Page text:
“It’s not about greater involvement by the military, because it’s not only about the military; it’s about politics. It’s about how much the United States wants to influence the Turks. Because if the terrorists can withstand the air strikes for this period, it means that the Turks keep sending them armaments and money. Did the United States put any pressure on Turkey to stop the support of al Qaeda? They didn’t; they haven’t.”…

So are you suggesting there should be U.S. troops on the ground?

“Not U.S. troops. I’m talking about the principle, the military principle. I’m not saying American troops. If you want to say I want to make war on terrorism, you have to have troops on the ground. The question you have to ask the Americans is, which troops are you going to depend on? Definitely, it has to be Syrian troops. This is our land; this is our country. We are responsible. We don’t ask for American troops at all.”…

The US has backed the Syrian insurgents since early in the civil war, and is planning to train over 5,000 “vetted” rebels. During the same interview Assad argued that such US plans are “illusory” as these rebels would eventually defect to the jihadists: “They are going to be fought like any other illegal militia fighting against the Syrian army.”

There are no “moderate rebels” in Syria. Even the groups and leaders considered moderate by the West openly admit that they are working closely with the extremists and the most radical, who always end up having control over the anti-Assad opposition. Terrorist al-Nusra and the “moderate” Free Syrian Army have collaborated in the battlefield against the Assad regime. In short, Israel is supporting ISIS and terrorists.

And, even if the fantasy of moderate rebels were reality, helping these people would mean distracting and using up Assad’s resources for the battle against them, thus weakening the only viable force fighting ISIS in the region.

As the Syrian government has been saying since 2011, Syria is engaged in a war not against its own people or “pro-democracy” forces, but against extremists and terrorists.

Last January’s Foreign Affairs interview with Assad quoted above has an interesting ending:

If you were able to deliver a message to President Obama today, what would it be?

“I think the normal thing that you ask any official in the world is to work for the interests of his people. And the question I would ask any American is, what do you get from supporting terrorists in our country, in our region? What did you get from supporting the Muslim Brotherhood a few years ago in Egypt and other countries? What did you get from supporting someone like Erdogan?”

These policies are not in the interests of the US but seemingly for Israel: supporting the Muslim Brotherhood, like invading Iraq, has served to destabilise the consolidated powers in the region. Assad continued:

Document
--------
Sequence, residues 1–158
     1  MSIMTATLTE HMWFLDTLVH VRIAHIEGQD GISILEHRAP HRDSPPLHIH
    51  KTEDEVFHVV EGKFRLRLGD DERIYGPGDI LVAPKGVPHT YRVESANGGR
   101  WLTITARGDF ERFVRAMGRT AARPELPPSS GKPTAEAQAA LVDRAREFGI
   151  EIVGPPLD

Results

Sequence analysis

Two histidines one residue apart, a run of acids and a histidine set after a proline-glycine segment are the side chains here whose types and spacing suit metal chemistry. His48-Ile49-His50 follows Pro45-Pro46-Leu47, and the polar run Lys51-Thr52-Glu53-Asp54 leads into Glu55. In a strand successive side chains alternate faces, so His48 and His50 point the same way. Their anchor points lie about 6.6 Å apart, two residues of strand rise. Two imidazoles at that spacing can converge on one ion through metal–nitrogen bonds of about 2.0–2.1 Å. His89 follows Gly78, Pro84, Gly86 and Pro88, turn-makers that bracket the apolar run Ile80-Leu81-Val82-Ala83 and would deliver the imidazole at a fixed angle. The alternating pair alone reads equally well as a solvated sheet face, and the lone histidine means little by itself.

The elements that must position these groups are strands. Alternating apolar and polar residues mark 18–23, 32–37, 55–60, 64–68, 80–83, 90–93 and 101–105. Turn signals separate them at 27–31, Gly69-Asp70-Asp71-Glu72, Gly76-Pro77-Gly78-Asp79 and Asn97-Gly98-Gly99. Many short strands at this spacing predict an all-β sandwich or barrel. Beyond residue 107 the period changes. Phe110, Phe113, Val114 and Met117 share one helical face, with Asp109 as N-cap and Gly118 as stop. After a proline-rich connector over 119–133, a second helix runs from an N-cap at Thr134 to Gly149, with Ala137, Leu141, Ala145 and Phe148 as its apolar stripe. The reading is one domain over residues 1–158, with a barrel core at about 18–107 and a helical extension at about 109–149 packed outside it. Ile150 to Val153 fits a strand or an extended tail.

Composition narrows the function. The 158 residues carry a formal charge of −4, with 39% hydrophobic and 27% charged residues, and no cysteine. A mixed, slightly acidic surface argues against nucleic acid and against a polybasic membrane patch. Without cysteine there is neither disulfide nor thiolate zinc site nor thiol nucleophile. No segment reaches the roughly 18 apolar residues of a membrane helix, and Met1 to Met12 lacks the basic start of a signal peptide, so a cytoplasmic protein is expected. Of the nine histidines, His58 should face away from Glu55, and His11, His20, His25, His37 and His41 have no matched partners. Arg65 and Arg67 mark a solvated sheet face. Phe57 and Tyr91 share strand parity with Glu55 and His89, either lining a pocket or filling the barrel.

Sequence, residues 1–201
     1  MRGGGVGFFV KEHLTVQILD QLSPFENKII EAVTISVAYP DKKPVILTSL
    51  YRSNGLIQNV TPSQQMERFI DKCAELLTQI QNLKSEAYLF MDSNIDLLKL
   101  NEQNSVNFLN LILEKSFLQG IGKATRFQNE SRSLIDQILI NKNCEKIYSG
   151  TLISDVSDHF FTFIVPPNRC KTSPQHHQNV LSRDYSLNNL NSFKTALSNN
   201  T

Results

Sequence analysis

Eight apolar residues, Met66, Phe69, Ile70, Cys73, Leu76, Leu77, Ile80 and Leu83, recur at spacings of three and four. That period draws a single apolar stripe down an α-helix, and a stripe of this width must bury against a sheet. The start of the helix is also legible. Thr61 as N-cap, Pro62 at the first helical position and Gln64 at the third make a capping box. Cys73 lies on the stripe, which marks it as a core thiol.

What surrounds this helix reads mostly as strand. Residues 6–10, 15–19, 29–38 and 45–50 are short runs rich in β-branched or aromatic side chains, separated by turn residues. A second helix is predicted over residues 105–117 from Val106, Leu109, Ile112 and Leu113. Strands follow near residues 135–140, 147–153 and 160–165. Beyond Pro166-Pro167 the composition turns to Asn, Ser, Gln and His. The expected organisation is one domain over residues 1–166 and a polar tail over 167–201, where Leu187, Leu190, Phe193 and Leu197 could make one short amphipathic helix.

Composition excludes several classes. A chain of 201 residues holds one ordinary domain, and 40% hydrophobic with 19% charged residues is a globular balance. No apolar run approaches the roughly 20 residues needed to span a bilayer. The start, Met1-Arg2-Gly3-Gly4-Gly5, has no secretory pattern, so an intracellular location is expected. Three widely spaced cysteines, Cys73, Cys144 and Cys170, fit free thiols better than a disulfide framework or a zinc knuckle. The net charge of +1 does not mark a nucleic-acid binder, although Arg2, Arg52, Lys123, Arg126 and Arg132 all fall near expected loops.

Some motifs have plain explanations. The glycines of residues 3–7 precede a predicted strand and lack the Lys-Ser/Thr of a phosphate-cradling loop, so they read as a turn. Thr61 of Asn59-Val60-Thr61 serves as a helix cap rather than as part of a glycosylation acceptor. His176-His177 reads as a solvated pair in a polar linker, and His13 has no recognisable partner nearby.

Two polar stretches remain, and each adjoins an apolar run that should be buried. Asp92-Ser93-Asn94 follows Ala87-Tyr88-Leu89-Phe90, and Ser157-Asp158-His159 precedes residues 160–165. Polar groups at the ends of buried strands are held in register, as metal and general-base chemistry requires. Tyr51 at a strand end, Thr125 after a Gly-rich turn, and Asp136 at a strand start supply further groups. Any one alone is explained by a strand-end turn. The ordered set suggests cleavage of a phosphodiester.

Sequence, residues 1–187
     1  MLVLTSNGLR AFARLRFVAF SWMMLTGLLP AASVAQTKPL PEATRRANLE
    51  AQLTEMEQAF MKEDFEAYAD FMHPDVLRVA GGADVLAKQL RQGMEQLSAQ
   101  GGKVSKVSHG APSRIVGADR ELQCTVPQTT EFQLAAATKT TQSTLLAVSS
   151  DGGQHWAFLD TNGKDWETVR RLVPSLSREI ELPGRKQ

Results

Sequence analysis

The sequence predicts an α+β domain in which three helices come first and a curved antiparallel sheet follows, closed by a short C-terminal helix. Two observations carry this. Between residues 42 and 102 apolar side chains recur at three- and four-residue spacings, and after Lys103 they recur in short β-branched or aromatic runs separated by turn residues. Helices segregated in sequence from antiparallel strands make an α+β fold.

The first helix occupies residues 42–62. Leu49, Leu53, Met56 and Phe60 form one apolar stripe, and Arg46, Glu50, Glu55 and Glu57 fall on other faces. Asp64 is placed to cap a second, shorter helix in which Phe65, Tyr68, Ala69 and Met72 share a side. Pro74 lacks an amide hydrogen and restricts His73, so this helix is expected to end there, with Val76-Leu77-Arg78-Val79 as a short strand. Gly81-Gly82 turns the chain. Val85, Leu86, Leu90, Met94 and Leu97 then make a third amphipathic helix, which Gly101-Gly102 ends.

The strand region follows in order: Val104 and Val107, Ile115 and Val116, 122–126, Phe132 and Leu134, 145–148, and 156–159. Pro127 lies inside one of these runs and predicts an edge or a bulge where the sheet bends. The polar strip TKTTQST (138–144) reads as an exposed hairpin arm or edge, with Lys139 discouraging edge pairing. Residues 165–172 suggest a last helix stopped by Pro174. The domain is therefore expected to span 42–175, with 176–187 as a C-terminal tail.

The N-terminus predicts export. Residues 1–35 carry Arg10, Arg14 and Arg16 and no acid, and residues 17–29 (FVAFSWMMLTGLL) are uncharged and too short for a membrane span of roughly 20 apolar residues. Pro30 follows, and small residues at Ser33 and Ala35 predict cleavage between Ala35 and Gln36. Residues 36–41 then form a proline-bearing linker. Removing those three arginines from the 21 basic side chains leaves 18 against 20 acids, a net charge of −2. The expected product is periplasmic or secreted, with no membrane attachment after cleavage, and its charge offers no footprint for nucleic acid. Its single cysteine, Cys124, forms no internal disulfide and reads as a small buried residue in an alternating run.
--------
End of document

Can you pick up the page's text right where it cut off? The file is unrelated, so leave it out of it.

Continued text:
“You [Americans] are the greatest power in the world now; you have too many things to disseminate around the world: knowledge, innovation, IT, with its positive repercussions. How can you be the best in these fields yet the worst in the political field? This is a contradiction. That is what I think the American people should analyze and question. Why do you fail in every war? You can create war, you can create problems, but you cannot solve any problem. Twenty years of the peace process in Palestine and Israel, and you cannot do anything with this, in spite of the fact that you are a great country.” [Emphasis added]

All this seems nonsensical and contradictory if you indeed start from the premise that US foreign and domestic policies are meant to benefit the US. But it immediately becomes rational if you see that American elites are at war with their own people and don’t act with their best interest at heart.

But in the context of Syria, what would a better policy look like?

One that preserves stability in the Middle East. Syria is the heart of the Middle East. Everybody knows that. If the Middle East is sick, the whole world will be unstable. In 1991, when we started the peace process, we had a lot of hope. Now, after more than 20 years, things are not at square one; they’re much below that square. So the policy should be to help peace in the region, to fight terrorism, to promote secularism, to support this area economically, to help upgrade the mind and society, like you did in your country. That is the supposed mission of the United States, not to launch wars. Launching war doesn’t make you a great power.”

Assad’s suggested strategy is reasonable but is the opposite of what America is pursuing, because stability in the Middle East, by making Israel’s enemies stronger, is not in the interest of the Jewish state.

Which, while publicly condemning them, doesn’t hesitate to side with and help the terrorist groups capable of committing the worst atrocities, including beheading children, using women as sex slaves, and setting men on fire.

Enza Ferreri is an Italian-born, London-based Philosophy graduate, writer and journalist. She has been a London correspondent for several Italian magazines and newspapers, including Panorama, L’Espresso, La Repubblica.

She blogs at www.enzaferreri.blogspot.co.uk.